“Where are the goods?”
There are many hindrances to true religion. One is the materialistic approach which thinks that the externals of a religion validate it and make it worth consideration. Foremost is the question of number of adherents, next is its economic assets, and then, of course, the matter of how socially and politically influential it–and its members–may be. Therefore, after Jesus had spoken so exquisitely and movingly on the unifying presence of God in all things…
“A lawyer said, I pray you, Jesus, tell who is this God you speak about; where are his priests, his temples and his shrines?” (Aquarian Gospel 28:11).
Here is the typical attitude: people–in large numbers–validate God, God does not validate people. So he wants to know where are the religious professionals, the theologian-oracles, the impressive places of worship and pilgrimage? In other words: Where is the money, the power, and those to be controlled by them? Without them how could anyone accept the teachings of Jesus or anyone else? As one of my high school teachers asked me: “What class of people belong to your church?”
It is God–not “the goods”
I once travelled with a remarkable yogi whose insight was far beyond the usual, even in India. One thing that impressed me about him was his ability to give intelligent answers to stupid questions. No matter how idiotic the query, he managed to impart profound wisdom in answering–replying to the question that should have been asked. Utilizing the same skill:
“Jesus said, The God I speak about is everywhere; he cannot be compassed with walls, nor hedged about with bounds of any kind” (Aquarian Gospel 28:12).
And, by implication, He cannot be compassed or hedged about within the bounds of the human mind, nor can He become confined without the bounds of any human religion. As long as we are bound up with “here” and “there”–especially philosophically and religiously, there is no possibility of our touching the Omnipresent Consciousness. It is only when we pass beyond all such bounds that the Supreme Reality can be communicated with, known, and entered into.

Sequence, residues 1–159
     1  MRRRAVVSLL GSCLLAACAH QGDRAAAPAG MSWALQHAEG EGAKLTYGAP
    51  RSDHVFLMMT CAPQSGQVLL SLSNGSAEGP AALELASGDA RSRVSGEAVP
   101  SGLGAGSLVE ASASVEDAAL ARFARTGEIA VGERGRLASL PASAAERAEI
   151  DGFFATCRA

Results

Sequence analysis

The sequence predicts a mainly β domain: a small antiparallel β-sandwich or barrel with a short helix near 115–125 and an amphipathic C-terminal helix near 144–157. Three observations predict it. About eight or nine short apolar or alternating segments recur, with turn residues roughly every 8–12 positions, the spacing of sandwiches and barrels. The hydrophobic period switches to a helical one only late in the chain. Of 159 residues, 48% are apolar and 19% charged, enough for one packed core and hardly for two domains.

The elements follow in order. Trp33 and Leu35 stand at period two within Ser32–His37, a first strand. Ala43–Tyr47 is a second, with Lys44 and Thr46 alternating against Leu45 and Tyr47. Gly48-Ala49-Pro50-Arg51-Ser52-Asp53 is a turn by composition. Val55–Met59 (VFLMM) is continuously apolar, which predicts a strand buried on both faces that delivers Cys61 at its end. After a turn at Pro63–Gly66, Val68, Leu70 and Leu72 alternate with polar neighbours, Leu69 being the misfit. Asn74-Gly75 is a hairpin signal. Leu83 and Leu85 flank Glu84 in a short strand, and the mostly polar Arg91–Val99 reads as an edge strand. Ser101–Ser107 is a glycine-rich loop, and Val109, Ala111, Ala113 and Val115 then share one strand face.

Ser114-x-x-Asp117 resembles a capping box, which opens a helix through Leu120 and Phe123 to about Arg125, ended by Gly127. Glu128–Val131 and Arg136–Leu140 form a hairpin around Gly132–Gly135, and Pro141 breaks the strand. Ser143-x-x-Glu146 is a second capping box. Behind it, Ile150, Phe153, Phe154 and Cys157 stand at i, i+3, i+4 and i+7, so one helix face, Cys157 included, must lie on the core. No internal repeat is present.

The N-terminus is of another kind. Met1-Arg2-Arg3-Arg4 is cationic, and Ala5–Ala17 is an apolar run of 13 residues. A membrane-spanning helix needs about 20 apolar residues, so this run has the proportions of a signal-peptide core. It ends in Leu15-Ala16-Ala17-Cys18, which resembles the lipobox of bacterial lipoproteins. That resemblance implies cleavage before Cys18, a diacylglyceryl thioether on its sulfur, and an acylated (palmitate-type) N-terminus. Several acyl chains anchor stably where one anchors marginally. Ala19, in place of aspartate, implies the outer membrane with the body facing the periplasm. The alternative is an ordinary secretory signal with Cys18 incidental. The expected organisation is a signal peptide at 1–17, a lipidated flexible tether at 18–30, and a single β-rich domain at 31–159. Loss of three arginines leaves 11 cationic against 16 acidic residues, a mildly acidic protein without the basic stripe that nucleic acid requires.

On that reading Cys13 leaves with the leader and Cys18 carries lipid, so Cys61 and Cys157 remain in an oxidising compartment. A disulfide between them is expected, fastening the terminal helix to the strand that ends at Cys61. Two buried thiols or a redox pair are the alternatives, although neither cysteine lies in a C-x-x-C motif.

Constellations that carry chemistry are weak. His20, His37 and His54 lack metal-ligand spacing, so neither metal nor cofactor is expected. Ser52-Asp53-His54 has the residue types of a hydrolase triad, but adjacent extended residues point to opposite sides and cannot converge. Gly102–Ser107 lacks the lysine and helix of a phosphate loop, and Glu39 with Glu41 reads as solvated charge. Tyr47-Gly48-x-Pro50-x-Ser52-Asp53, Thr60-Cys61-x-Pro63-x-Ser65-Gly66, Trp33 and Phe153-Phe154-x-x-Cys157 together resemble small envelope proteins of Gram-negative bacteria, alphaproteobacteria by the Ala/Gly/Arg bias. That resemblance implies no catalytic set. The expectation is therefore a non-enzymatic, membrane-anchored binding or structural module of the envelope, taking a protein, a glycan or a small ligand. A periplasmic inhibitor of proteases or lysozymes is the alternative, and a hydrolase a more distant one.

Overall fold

Until this happy state is reached, humans have to do their best with their present status.
So Jesus continues: “All people worship God, the One; but all the people see him not alike” (Aquarian Gospel 28:13).
The first phrase is one of those astonishing statements to be found in the Aquarian Gospel, in contrast to the obviousness and occasional banality of the four “canonical” gospels. They are usually so brief that it is easy to treat them as a bridge to the next thought and completely miss the marvelous truths they embody. In this case it is the first half of a sentence:
All people worship God, the One. Everyone worships God, but some do so completely unknowingly, as Saint Paul told the Athenians (Acts 17:23). Everyone is seeking God, but most do not know it and so they wander around in bewilderment, continually pierced by the pains of samsara. This includes most religious people, for they do not really seek God, but only strive to please God, obtain His forgiveness or favor, or spread His “word” around the world and bring people to “the truth.” God is reduced to a bystander occasionally lending a hand or taking responsibility for their successes and their failures. They become the gods and He becomes the Servant. And believe me they make sure He stays in His place.
Basically, people want what God has, but care little for God. God is quite a bit like Dickens’ Fagan: people want His assistance and advantages, but no one wants to touch Him, much less associate intimately with Him. Nevertheless, since He is everything, not just inside everything, whatever they seek in life, they are seeking God. “Ah, ’is love, and love alone the world is seeking.” What they fail to do is make the connection: God is Love (I John 4:8, 16); and God is the mystery of life because He IS life.
But all the people see him not alike. And so the mystery goes on until the call is heard: “Awake thou that sleepest, and arise from the dead, and Christ shall give thee light” (Ephesians 5:14)–the Christ that is your own inner Self. In the light of that sun, that eye, we shall see clearly and “know what we worship: for…God is a Spirit: and they that worship him must worship him in spirit and in truth” (John 4:22, 24).